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Data Reshaping with the R Programming Language

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Data Scientist Jared Lander discusses how combining multiple datasets, whether by stacking or joining, is commonly necessary as is changing the shape of data. The plyr and reshape2 packages offer good functions for accomplishing this in addition to base tools such as rbind, cbind and merge.

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This chapter is from the book

As noted in Chapter 11, manipulating the data takes a great deal of effort before serious analysis can begin. In this chapter we will consider when the data need to be rearranged from column-oriented to row-oriented (or the opposite) and when the data are in multiple, separate sets and need to be combined into one.

There are base functions to accomplish these tasks, but we will focus on those in plyr, reshape2 and data.table.

While the tools covered in this chapter still form the backbone of data reshaping, newer packages like tidyr and dplyr are starting to supercede them. Chapter 15 is an analog to this chapter using these new packages.

14.1 cbind and rbind

The simplest case is when we have a two datasets with either identical columns (both the number of and names) or the same number of rows. In this case, either rbind or cbind work greatly.

As a first trivial example, we create two simple data.frames by combining a few vectors with cbind, and then stack them using rbind.

> # make three vectors and combine them as columns in a data.frame
> sport <- c("Hockey", "Baseball", "Football")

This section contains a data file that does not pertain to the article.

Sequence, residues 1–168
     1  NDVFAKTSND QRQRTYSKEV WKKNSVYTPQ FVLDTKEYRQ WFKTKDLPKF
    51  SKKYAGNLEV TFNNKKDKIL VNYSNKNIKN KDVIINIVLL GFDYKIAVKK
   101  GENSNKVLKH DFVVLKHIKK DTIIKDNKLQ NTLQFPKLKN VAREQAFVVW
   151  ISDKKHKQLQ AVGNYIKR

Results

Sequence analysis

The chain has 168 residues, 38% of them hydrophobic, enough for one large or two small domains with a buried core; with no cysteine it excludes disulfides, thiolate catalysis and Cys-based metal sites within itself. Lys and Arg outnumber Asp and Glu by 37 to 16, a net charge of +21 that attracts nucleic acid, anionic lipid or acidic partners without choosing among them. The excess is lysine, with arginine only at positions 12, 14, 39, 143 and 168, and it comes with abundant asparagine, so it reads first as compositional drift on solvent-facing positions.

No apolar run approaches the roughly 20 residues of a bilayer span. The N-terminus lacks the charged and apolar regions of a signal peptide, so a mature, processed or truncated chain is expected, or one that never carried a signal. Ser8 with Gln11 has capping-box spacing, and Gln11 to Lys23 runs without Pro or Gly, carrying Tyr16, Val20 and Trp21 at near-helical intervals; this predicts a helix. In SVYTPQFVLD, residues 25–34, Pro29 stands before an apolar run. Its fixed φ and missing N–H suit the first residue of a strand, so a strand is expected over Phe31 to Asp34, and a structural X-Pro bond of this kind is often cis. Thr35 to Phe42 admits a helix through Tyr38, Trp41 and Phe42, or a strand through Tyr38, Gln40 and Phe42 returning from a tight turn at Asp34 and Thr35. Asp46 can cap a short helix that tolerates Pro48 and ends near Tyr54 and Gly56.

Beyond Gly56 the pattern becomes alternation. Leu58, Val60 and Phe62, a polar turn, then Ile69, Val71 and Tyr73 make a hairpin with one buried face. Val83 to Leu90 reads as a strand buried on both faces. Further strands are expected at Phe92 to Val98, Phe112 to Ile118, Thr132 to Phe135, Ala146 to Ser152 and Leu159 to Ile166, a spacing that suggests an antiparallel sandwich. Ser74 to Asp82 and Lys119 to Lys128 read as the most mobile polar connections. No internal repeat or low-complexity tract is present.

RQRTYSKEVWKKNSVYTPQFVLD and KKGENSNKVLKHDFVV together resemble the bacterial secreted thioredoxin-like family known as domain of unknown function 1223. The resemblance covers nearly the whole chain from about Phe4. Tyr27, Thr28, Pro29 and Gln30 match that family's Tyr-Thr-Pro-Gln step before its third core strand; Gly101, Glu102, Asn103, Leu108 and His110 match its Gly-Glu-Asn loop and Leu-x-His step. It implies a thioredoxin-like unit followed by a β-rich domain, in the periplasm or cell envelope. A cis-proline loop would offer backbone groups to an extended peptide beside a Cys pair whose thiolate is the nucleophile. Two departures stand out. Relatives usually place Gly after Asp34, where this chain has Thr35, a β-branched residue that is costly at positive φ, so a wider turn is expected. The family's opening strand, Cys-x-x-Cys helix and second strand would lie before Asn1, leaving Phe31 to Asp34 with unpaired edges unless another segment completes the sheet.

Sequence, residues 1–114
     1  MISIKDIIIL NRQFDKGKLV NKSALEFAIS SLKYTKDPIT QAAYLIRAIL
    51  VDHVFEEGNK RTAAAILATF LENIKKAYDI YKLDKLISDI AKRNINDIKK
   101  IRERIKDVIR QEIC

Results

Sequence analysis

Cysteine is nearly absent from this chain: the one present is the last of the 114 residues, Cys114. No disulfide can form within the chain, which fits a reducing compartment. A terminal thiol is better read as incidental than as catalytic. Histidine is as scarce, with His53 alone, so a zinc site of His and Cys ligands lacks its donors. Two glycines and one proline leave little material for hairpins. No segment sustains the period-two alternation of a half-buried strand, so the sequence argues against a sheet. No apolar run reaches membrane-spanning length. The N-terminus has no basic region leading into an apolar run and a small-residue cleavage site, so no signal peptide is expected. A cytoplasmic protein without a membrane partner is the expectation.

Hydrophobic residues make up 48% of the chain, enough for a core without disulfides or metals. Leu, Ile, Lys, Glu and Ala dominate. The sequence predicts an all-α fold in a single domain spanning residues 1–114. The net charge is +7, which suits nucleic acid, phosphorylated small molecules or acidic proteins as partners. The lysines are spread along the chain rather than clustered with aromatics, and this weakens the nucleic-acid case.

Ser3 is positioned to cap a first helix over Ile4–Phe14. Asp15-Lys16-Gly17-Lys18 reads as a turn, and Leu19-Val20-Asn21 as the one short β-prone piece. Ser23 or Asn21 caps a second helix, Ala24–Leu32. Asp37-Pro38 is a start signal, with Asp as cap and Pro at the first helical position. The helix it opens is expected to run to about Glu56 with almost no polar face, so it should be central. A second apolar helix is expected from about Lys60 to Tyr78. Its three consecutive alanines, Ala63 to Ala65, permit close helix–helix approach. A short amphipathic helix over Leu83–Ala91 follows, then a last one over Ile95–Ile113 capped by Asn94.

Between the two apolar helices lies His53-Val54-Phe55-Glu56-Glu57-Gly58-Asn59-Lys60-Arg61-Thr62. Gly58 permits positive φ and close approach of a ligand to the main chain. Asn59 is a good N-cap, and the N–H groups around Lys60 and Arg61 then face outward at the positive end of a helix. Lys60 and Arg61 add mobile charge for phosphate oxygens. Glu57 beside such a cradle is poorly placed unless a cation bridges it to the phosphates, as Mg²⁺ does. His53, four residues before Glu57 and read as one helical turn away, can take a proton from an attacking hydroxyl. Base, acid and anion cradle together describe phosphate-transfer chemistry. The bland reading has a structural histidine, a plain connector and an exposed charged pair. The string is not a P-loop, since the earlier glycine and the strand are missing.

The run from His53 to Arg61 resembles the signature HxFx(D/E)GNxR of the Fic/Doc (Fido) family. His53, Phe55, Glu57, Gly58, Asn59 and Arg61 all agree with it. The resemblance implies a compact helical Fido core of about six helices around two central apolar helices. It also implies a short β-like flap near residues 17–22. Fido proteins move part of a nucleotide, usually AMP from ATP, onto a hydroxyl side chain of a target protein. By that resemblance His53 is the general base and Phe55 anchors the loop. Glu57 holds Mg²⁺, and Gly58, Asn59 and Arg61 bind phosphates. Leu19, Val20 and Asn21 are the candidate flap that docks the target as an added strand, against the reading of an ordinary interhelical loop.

> league <- c("NHL", "MLB", "NFL")
> trophy <- c("Stanley Cup", "Commissioner's Trophy",
+             "Vince Lombardi Trophy")
> trophies1 <- cbind(sport, league, trophy)
>
> # make another data.frame using data.frame()
> trophies2 <- data.frame(sport=c("Basketball", "Golf"),
+                         league=c("NBA", "PGA"),
+                         trophy=c("Larry O'Brien Championship Trophy",
+                                  "Wanamaker Trophy"),
+                         stringsAsFactors=FALSE)
>
> # combine them into one data.frame with rbind
> trophies <- rbind(trophies1, trophies2)

Both cbind and rbind can take multiple arguments to combine an arbitrary number of objects. Note that it is possible to assign new column names to vectors in cbind.

> cbind(Sport=sport, Association=league, Prize=trophy)

     Sport      Association Prize
[1,] "Hockey"   "NHL"       "Stanley Cup"
[2,] "Baseball" "MLB"       "Commissioner's Trophy"
[3,] "Football" "NFL"       "Vince Lombardi Trophy"
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